"According to our model, that was bound to fail," Davila said. "Because dirt would be the first place that microbes wouldn't go in a very dry environment."

As precipitation in a region begins to disappear, life-forms that once dotted the landscape will become sparse and less diverse until only the communities that are most well adapted are left, Davila said. These microbes will retreat from places directly exposed to the sun, and take shelter on the underside of rocks, where the moisture can hang around slightly longer. Semi-transparent quartz rocks are ideal, because some sunlight gets through to feed the microbes.

"There are places in the Atacama where quartz rocks are colonized but there is no evidence of colonization in the soils," Davila said. "But we also see places in the Atacama where even the quartz is not colonized. […] Where even the survival strategies in rock substrates don't function anymore. They fail." 

The driest regions of the Atacama, the Gobi desert, and Antarctica (which is also being used as a Mars analogue) are at the so-called "dry edge of habitability," or the boundary beyond which there is no evidence that life can survive.

Just before some microbial communities are pushed over this edge, they resort to one last trick: taking up residence in salt substrates or brines that extract water from the humidity in the atmosphere. Salt compounds like sodium chloride can pump water out of the atmosphere in a process called deliquescence (this is different from condensation, the process responsible for turning humidity in the air into liquid water on the outside of a cold glass).

Microbes have been found living inside large deposits of sodium chloride in the Atacama, staying alive using the moisture the salt extracts from the atmosphere.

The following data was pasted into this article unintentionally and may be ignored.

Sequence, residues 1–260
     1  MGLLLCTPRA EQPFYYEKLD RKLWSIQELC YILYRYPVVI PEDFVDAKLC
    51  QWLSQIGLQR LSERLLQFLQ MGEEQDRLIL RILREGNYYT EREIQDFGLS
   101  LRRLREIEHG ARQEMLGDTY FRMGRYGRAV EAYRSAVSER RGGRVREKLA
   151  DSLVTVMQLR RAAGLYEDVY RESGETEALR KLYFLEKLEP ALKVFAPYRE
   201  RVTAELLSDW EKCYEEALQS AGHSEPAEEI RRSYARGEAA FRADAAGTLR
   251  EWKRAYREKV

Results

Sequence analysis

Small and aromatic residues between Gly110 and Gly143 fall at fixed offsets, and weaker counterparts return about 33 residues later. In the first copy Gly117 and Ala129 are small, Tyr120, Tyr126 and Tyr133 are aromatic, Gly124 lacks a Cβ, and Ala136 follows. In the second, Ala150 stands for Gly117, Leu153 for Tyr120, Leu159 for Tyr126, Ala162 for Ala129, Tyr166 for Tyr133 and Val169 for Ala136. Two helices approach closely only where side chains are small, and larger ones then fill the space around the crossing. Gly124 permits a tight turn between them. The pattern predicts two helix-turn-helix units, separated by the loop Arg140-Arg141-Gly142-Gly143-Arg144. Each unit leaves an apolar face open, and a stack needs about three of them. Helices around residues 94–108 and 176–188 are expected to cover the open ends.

Surviving, not thriving

It's important to note that while these resourceful microbes are surviving, they are not thriving. These communities have low genetic diversity, meaning they are reproducing very little. The microbes aren't optimized for these environments, but they have managed to not die. If these kinds of life-forms were found on Mars, it wouldn't necessarily be representative of what Martian life was like before the rivers and lakes dried up.

None the less, the paper by Davila and Shulze-Makuch brings together a large body of evidence to make the cohesive argument that if life formed in the watery environments on Mars, there's a good chance they also lived on land. If those land-based life-forms found ways to adapt long after liquid water stopped flowing on the Martian surface, then Davila and his coauthors say scientists should go looking for evidence of those types of life on Mars.

Davila said he and his colleagues are now doing work to that could help guide these searches and provide a better idea of where evidence of these last life-forms on Mars might be found. For example, Mars rovers could look for large patches of salt substrates, or translucent rocks, like quartz.

"I think one of the important messages of this paper is that we might be missing opportunities by focusing entirely on ancient habitable aquatic environments," Davila said. "I'm not saying we shouldn’t do that, but we should consider alternatives as well."

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Calla Cofield
Senior Writer

Calla Cofield joined's crew in October 2014. She enjoys writing about black holes, exploding stars, ripples in space-time, science in comic books, and all the mysteries of the cosmos. Prior to joining Calla worked as a freelance writer, with her work appearing in APS News, Symmetry magazine, Scientific American, Nature News, Physics World, and others. From 2010 to 2014 she was a producer for The Physics Central Podcast. Previously, Calla worked at the American Museum of Natural History in New York City (hands down the best office building ever) and SLAC National Accelerator Laboratory in California. Calla studied physics at the University of Massachusetts, Amherst and is originally from Sandy, Utah. In 2018, Calla left to join NASA's Jet Propulsion Laboratory media team where she oversees astronomy, physics, exoplanets and the Cold Atom Lab mission. She has been underground at three of the largest particle accelerators in the world and would really like to know what the heck dark matter is. Contact Calla via: E-Mail – Twitter